50 Books-Hamlet

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I have a confession to make, one that may forever change the way you feel about me.

I hate Shakespeare.

All right, I don’t hate him, but I am not really a fan.  I like the sonnets just fine, and I have an affection for Midsummer Night’s Dream and Twelfth Night.  But I have no love for, or desire to read the tragedies.  Maybe it is the sadness, maybe it is the overblown enthusiasm of many people who do not seem to understand them. Maybe I just don’t really understand them.

I can say with absolute certainty, a large part of the blame comes from Romeo and Juliet, a story that is billed as a tragedy, works as an old cautionary tale, and has been deemed a romance by the rest of the world.  I suppose disney ruined me, but I fail to see romance in the story of two spoiled teenagers who are willing to kill themselves over someone they just met.  It’s a different world now so I can’t help but think of many, many, many other solutions to their problems that are all infinitely better than suicide.

Whatever the reason, Shakespeare tastes sour to me.  It is perhaps one of the reasons I was not necessarily looking forward to this book.

Hamlet by William Shakespeare

Where did I get the book and how many pages?

This 151 page version of the play was available on a free book app for my iPad.

Have I read this book before?

I am honestly not sure.  Maybe?  Shakespeare is the one area where my high school did not fail me.  I know we studied the sonnets, Romeo and Juliet, Midsummer Night’s Dream, Twelfth Night, and Macbeth.  We may have also done Othello and Hamlet, but I cannot remember.  It all gets a little fuzzy over time.  Additionally, I went through a phase in high school somewhere in my sophomore and junior year where I read a lot of Shakespeare.  I know, it’s a bit of a turn around from my feelings on the subject now, but at the time I was tired of being thought of as a dumb blonde.  I felt reading Shakespeare all the time, and in public, would make me seem smarter.  In retrospect I should have expanded the collection to other classics I would actually enjoy, but I was young and searching.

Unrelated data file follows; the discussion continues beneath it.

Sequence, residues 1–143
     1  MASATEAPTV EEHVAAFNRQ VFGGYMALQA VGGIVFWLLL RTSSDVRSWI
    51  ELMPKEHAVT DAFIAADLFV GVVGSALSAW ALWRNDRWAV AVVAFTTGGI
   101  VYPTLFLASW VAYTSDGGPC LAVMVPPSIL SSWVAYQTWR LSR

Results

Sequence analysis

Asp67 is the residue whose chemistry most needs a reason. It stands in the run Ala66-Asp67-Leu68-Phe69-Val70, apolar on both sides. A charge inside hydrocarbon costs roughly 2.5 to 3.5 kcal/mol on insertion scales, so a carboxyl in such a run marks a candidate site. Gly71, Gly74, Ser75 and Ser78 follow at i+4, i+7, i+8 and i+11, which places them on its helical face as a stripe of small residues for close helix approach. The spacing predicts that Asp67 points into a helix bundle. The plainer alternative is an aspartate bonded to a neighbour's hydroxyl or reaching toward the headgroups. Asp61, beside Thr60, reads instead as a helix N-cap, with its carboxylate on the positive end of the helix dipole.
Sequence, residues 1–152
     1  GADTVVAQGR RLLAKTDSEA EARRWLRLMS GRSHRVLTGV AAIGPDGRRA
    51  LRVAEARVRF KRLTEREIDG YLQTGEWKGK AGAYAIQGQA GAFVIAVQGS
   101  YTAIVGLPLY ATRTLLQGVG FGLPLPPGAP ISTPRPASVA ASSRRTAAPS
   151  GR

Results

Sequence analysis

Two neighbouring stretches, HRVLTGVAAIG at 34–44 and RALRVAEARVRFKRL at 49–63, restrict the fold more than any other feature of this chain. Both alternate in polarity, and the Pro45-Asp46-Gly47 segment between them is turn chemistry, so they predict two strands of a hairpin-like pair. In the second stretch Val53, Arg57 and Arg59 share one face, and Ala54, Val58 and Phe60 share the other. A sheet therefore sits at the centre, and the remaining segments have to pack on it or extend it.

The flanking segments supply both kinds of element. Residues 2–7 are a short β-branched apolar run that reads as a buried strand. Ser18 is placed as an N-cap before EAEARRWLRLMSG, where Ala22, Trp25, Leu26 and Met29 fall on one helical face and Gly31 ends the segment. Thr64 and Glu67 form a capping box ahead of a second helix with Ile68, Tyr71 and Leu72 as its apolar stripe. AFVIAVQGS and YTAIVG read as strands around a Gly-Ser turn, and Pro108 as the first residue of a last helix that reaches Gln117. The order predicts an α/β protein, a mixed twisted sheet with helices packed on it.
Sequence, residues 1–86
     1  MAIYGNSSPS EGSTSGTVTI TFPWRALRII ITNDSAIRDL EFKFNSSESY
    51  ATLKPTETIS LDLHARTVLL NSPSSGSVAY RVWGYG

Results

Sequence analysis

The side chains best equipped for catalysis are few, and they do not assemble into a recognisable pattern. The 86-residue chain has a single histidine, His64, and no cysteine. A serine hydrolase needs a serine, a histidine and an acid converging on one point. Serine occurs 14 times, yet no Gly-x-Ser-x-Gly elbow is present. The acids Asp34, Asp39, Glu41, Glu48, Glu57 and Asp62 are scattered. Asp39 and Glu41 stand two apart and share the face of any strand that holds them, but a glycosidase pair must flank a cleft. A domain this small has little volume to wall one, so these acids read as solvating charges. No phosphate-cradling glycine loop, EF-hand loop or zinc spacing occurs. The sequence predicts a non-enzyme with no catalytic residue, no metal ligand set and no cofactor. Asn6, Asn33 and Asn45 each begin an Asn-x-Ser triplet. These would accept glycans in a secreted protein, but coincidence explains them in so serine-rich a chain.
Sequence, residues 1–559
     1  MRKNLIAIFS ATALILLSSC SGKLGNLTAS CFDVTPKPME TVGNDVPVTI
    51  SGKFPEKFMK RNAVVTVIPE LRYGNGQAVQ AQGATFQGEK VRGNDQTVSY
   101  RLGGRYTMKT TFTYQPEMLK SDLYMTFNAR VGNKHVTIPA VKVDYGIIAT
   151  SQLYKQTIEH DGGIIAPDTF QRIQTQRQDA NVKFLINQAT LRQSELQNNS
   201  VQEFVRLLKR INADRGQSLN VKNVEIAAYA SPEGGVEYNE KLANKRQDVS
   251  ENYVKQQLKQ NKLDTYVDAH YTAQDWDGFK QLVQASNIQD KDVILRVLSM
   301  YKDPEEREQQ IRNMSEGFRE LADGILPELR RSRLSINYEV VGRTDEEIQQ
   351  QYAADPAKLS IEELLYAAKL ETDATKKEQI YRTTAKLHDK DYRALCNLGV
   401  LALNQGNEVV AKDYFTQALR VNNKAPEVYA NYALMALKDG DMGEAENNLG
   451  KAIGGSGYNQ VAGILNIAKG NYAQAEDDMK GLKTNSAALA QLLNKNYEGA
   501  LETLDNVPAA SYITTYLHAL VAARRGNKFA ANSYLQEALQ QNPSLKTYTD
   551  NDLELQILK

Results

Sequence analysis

What did I already know?

I am fairly familiar with the story, which is one of the reasons I am not sure if I read it. Hamlet’s father is dead, his uncle killed him with ear poison and married his mother.  The old king haunts the castle, telling Hamlet what happened.  Everyone thinks Hamlet is going crazy and it ends with everyone dying.  Clearly a cheery tale of family fun.

What do I think now?

I knew it was one of the more quoted plays, but I missed exactly how quoted.  I had either forgotten or not realized how many of the Shakespearian quotes come from this one play.  The story is not bad, as far as a tragedy goes. No one is really innocent or a good guy, so you don’t feel too bad for them when they start dying.  Mostly it seems strange because you realize how much of this tragedy came from one idiotic grasp for power.

Should you read this book before you die?

I think for the most part, Shakespeare is not for me.  I can appreciate it for what it is, a tragedy, but at the same time I get little to no joy out of reading it.  I think everyone should try Shakespeare at some point in their life, even if it is only to understand what the hype is about.  I personally would recommend a comedy, but if you must try a tragedy, this is as good as any other.

All right, if people are done scoffing and/or preparing the lynch mob for the person with no official literary credentials who insulted Shakespeare, I hope you will allow me the benefit of my own opinion as we move onto the next books.

I am reading one more shorter book before tackling another longer one, which will give us first Sylvia Plath’s The Bell Jar, followed by Herman Melville’s Moby Dick.  If you are still with me after this post, I hope you are ready for more!

Happy Reading!


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